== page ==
Sigmund Freud found it extremely difficult analyzing women. Today, analysts from across the world find it nerve-racking to predict the stock market. Both elements have the disruptive hormones of sentiment running in them. If one out of the hundred analyses fails on target, the entire chain crumbles. And that’s exactly what happened to the markets around the world on September 15th 2008 and incisively four days later with Warner Brother’s first foray in India, Saas Bahu Aur Sensex.
The films begins with Binita Sen (Kirron Kher) moving from Kolkata to Mumbai (due to her divorce) along with her daughter, Nitya Sen (Tansuhree Dutta). She has no money, but lives in a posh-apartment with kitty-party aunties, a clichéd and stereotypical bunch. Although a few jokes and elements of realism are present in the dialogues to make the whole façade of the film seem ‘real’, they come across only through the subtle and controlled performances from Kitron Kher and her broker (Farooque Sheikh), both of these remarkable actors allowing the film to become watachable at least. Had the film been entirely on them and the sensex, it could have been a different ball game, but…
The film 'wants' to offer a glimpse into the world of soap-opera pathos, the fate of the stock market and female bonding. Instead in its final form, the film remains stuck in the age-old tradition of Bollywood films using text-book Bollywood clichés: the Punjabi aunty, the Parsee uncle, the South-Indian couple and the Bong connections. To top it all, the plot development is about a guy in love with the wrong girl and who does not realize his folly until the very end even when the girl seems to scream out her infidelity. In the age of mechanical reproduction he is unable to differentiate between love, friendship, flirtation, sex and lies.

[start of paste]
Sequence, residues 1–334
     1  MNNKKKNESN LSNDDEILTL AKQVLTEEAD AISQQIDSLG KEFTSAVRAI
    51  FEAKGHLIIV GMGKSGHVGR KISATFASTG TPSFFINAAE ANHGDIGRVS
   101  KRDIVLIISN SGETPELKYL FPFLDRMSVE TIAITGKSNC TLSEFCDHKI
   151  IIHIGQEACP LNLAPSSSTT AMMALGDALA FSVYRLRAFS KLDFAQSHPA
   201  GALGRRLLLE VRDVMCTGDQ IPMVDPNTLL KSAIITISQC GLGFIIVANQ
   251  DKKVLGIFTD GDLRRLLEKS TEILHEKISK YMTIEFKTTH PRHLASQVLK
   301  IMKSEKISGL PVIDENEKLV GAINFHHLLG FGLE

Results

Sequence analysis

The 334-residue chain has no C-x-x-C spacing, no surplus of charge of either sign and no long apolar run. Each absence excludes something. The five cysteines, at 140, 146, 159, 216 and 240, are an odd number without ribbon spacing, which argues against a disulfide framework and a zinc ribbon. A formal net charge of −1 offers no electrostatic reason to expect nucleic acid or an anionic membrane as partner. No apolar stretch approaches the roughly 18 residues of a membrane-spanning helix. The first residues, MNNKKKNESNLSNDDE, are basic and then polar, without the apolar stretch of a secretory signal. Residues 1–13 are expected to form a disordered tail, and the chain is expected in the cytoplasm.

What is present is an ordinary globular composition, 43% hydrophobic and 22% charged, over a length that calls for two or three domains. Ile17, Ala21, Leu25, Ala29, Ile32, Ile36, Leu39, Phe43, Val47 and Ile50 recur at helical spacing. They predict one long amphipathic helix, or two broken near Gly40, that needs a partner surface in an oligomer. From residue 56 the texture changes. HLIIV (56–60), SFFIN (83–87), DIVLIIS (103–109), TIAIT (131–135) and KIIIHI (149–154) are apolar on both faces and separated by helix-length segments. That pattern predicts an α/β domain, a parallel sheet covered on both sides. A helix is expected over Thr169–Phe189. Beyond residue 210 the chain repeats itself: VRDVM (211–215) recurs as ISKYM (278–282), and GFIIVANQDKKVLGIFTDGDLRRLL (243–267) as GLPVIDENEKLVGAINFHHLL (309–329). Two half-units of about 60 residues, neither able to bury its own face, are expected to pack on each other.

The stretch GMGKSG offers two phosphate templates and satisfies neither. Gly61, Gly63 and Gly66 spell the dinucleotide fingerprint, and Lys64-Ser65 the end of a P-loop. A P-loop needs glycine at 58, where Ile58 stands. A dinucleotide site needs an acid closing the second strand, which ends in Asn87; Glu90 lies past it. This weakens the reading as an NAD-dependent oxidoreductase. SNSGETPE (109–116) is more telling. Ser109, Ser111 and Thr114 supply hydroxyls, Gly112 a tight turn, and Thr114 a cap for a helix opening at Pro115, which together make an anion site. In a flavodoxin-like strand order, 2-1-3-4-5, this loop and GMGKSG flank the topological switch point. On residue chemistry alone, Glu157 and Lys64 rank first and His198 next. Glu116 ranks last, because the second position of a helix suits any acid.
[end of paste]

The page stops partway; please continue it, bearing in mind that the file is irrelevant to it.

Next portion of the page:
The film starts with a wedding and ends with one, but everything between this divide is rubbish. The entire movie is actually one long-boring-advertisement, where the hero could easily have been Udayan Mukherjee who is seen on the television channel (CNBC) expressing his delight with the soaring stock-prices and rising bull runs. Furthermore, there are packaged scenes written down only to promote products. Ritesh takes his girlfriend out on a date where he gifts her expensive Hamilton watch, instead of concentrating on exploring the layers and dimension of love and relationships, the film explores various advertising possibilities. Ever since Shubhash Ghai and Yash Chopra began the revolution of tailor-made films, Bollywood has abridged the line between cinema and advertising, and Saas Bahu aur Sensex tries to bring us one step closer into believing what we watching is important plot development, but is actually nothing but in your face brand endorsement.
Films like Saas Bhau or Sensex may look good on paper, but never achieves any form of truism on screen. The only elements which achieve its purpose and goals are: the trailers, the opening-credit, the film posters, and media coverage. Since they achieve the basic function of duping people into believing something which doesn’t exist, it’s like how the luxury market works; in selling, something which we really don’t need. Saas Bahu Aur Sensex is one such product. It’s not a film. It’s a mass-manufactured product. It has a label, packaging, properties (clichés and stereotypes), workers (not creators), and it has a tailor- made customer base, hence, every such film is just the emperor in new clothes. No different from the new flavors and packaging which Pepsi and Coca-Cola come up with- along with their stars to promote the product. This is precisely what happens in this film too.
Cinema is a sensory experience where not everything can be canned into words. Its precise purpose could be lost. But sadly, today, all our experiences are laid out in a A4 size, Courier New font, 12 point size format. As long as this continues, films like Saas, Bahu aur Sensex will continue give us experiences we would want to forget.
Cross-Published from my review at Upperstall